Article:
Hadoop is an open-source software framework for storage and large-scale processing of data-sets on clusters of commodity hardware. How to deliver log to Hadoop HDFS. Apache Flume is open source to integrate with HDFS, HBASE and it's a good choice to implement for log data real-time collection from front end or log data system.
Apache Flume is a distributed, reliable, and available service for efficiently collecting, aggregating, and moving large amounts of log data.It uses a simple data model. Source => Channel => Sink
It's a good time to introduce a good book about Flume - Using Flume - Flexible, Scalable, and Reliable Data Streaming by Hari Shreedharan (@harisr1234). It was written with 8 Chapters: giving basic about Apache Hadoop and Apache HBase, idea for Streaming Data Using Apache Flume, about Flume Model (Sources, Channels, Sinks), and some moew for Interceptors, Channel Selectors, Sink Groups, and Sink Processors. Additional, Getting Data into Flume* and Planning, Deploying, and Monitoring Flume.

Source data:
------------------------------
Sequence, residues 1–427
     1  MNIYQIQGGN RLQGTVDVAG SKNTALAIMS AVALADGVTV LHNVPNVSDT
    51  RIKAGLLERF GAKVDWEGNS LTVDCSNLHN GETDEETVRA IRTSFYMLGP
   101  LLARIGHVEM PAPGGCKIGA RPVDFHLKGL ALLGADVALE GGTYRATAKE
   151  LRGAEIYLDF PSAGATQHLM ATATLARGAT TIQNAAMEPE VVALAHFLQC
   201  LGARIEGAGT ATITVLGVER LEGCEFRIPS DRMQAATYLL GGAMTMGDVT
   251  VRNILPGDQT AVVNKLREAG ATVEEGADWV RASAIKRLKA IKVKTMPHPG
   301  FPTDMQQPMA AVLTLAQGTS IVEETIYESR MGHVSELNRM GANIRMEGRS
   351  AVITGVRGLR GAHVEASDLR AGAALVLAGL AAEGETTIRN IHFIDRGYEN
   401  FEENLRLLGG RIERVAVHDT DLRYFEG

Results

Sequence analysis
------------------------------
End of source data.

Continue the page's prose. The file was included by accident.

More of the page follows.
This book was written about how to use Flume. It's very good to guide about Apache Hadoop and Apache HBase before starting about Flume Data flow model. Readers should know about java code, because they will find java code example in a book and easy to understand. It's a good book for some people who want to deploy Apache Flume and custom components.
Author separated each Chapter for Flume Data flow model. So, Readers can choose each chapter to read for part of Data flow model: reader would like to know about Sink, then read Chapter 5 only until get idea. In addition, Flume has a lot of features, Readers will find example for them in a book. Each chapter has references topic, that readers can use it to find out more and very easy + quick to use in Ebook.
With Illustration in a book that is helpful with readers to see Big Picture using Flume and giving idea to develop it more in each System or Project.